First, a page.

Current best evidence for clinical care (more info)
Whilst the entire world is battling the second wave of COVID-19, a substantial proportion of patients who have suffered from the condition in the past months are reporting symptoms that last for months after recovery, i. e., long-term COVID-19 symptoms. We aimed to assess the current evidence on the long-term symptoms in COVID-19 patients. We did a systematic review on PubMed, Web of Science, EMBASE, and Google Scholar from database inception to February 15, 2021, for studies on long-term COVID-19 symptoms. We included all type of papers that reported at least one long-term COVID-19 symptom. We screened studies using a standardized data collection form and pooled data from published studies. Cohort cross-sectional, case-report, cases-series, case-control studies, and review were graded using specific quality assessment tools. Of 11,361 publications found following our initial search we assessed 218 full-text articles, of which 145 met all selection criteria. We found that 20.70% of reports on long-term COVID-19 symptoms were on abnormal lung functions, 24.13% on neurologic complaints and olfactory dysfunctions, and 55.17% on specific widespread symptoms, mainly chronic fatigue, and pain. Despite the relatively high heterogeneity of the reviewed studies, our findings highlighted that a noteworthy proportion of patients who have suffered from SARS-CoV-2 infection present a "post-COVID syndrome." The multifaceted understanding of all aspects of the COVID-19 pandemic, including these long-term symptoms, will allow us to respond to all the global health challenges, thus paving the way to a stronger public health.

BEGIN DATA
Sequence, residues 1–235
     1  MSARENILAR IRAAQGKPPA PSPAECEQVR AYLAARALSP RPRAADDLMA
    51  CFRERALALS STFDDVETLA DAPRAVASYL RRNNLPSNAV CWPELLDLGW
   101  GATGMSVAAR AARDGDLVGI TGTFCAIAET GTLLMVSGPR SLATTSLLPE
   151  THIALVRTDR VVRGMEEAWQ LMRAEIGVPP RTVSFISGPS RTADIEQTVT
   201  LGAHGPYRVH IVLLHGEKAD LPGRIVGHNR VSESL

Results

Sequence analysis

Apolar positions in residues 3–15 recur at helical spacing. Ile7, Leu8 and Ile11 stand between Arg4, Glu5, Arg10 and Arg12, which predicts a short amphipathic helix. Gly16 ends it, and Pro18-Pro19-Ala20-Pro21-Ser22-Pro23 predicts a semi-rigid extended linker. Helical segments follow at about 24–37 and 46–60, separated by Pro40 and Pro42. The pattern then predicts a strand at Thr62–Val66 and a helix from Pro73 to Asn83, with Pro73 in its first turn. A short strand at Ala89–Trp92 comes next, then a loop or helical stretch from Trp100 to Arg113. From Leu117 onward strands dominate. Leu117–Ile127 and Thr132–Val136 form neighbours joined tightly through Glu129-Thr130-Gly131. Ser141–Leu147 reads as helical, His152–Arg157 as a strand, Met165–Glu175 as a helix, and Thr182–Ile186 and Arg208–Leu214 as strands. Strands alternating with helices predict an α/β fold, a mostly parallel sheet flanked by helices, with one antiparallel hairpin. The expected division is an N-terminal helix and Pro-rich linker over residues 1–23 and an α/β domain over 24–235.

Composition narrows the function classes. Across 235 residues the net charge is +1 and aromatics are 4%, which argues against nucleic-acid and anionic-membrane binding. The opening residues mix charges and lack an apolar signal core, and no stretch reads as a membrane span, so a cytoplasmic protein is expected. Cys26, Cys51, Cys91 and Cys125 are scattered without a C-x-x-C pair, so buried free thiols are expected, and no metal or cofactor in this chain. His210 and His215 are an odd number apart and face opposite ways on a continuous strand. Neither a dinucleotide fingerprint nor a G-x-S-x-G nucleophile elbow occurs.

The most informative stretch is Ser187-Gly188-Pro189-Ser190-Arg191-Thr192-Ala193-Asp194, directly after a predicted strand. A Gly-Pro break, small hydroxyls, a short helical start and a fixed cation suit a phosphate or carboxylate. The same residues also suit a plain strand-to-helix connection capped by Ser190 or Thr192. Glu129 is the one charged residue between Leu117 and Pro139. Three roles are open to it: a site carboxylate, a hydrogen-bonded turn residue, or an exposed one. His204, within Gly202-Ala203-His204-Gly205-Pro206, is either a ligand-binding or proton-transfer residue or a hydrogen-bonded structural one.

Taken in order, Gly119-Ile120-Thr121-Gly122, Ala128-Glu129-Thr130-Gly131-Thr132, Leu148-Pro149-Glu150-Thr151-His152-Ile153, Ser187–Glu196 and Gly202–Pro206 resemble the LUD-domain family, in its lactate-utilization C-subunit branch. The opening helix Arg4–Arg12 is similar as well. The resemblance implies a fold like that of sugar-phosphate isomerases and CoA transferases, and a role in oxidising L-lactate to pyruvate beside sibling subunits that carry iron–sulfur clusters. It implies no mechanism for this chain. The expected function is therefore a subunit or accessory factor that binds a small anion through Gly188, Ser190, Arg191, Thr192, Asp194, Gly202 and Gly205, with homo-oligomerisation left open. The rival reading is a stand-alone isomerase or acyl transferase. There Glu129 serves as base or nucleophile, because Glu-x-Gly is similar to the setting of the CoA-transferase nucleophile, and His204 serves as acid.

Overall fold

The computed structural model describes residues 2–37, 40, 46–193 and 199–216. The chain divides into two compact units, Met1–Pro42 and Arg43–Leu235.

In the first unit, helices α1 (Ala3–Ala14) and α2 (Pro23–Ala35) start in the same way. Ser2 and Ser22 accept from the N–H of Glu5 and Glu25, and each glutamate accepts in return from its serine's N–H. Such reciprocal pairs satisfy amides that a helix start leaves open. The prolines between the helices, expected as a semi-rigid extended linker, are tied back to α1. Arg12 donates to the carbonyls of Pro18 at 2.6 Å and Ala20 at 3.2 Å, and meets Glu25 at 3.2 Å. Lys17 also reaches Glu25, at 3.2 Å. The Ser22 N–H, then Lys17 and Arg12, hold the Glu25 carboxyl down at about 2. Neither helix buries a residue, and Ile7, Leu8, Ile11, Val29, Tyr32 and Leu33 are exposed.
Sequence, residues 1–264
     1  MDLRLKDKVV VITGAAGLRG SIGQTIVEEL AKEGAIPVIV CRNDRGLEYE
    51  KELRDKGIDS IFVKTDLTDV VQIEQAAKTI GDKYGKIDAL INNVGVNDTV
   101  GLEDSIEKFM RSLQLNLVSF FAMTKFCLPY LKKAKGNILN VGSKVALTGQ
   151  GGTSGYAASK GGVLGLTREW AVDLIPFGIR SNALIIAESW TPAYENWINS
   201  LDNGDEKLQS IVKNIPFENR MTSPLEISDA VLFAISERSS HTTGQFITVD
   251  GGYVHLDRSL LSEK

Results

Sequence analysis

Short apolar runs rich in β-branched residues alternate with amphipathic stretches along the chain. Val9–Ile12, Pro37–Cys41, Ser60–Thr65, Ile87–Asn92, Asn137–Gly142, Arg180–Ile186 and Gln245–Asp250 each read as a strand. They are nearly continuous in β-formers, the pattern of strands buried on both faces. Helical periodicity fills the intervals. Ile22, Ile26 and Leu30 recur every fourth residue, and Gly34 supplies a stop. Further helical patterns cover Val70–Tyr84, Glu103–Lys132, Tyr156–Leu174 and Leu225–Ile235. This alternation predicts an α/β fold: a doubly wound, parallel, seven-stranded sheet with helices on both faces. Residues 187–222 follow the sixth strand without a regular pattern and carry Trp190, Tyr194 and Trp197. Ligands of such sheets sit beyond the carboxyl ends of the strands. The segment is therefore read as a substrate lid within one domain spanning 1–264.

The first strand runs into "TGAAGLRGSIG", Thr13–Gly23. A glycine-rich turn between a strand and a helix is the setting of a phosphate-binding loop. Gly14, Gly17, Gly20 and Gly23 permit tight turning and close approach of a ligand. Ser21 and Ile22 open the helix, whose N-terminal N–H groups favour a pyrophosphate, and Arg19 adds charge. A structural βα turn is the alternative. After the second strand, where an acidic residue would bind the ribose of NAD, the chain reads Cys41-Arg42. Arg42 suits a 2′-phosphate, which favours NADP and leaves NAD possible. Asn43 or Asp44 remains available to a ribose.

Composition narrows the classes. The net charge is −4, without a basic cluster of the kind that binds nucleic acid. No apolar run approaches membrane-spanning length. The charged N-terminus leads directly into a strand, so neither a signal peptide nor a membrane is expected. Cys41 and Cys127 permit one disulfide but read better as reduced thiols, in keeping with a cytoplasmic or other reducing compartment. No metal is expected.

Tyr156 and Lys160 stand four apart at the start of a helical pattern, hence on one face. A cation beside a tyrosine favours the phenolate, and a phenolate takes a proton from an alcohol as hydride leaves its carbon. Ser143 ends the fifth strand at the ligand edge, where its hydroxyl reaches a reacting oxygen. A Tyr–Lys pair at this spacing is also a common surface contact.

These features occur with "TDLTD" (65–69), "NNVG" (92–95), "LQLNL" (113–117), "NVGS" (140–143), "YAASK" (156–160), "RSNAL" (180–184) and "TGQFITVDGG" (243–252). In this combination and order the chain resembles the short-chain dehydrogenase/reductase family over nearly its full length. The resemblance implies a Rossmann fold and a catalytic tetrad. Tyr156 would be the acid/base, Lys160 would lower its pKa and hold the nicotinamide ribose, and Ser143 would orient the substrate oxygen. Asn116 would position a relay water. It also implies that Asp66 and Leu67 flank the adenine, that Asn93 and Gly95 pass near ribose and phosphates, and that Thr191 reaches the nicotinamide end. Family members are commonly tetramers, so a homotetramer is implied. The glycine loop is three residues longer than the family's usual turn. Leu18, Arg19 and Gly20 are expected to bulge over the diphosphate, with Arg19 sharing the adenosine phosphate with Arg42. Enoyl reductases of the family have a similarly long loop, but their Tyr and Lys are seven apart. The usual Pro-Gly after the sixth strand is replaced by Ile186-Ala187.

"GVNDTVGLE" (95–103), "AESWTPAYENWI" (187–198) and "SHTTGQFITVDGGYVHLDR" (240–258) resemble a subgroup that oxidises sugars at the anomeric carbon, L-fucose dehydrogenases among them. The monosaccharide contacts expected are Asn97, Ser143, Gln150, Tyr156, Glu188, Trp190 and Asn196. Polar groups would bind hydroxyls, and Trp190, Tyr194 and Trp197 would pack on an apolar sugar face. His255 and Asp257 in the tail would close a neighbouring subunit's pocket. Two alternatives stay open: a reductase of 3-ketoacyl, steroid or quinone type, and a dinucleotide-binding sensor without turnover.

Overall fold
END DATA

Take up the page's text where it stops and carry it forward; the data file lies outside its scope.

|Discipline / Specialty Area||Score|
|Family Medicine (FM)/General Practice (GP)||
|General Internal Medicine-Primary Care(US)||
|Pediatric Hospital Medicine||
Excellent! Comprehensive and extremely useful.
This is a nice systematic review of the data to date on long COVID. As a hospitalist, I find this affects me less than others, but it was a helpful and interesting compilation.
This meta-analysis of "post-covid" syndrome shows a varying symptom complex affecting any system. We continue to learn and its far from over.
I am not sure if this article is relevant to the pediatrician discipline.
This is an excellent overview but difficult to score as 1) the relevance for developed countries is less now that immunisation is wide-spread and 2) most clinicians are aware of a significant issue with "long-Covid" but are probably not aware of these percentage incidences.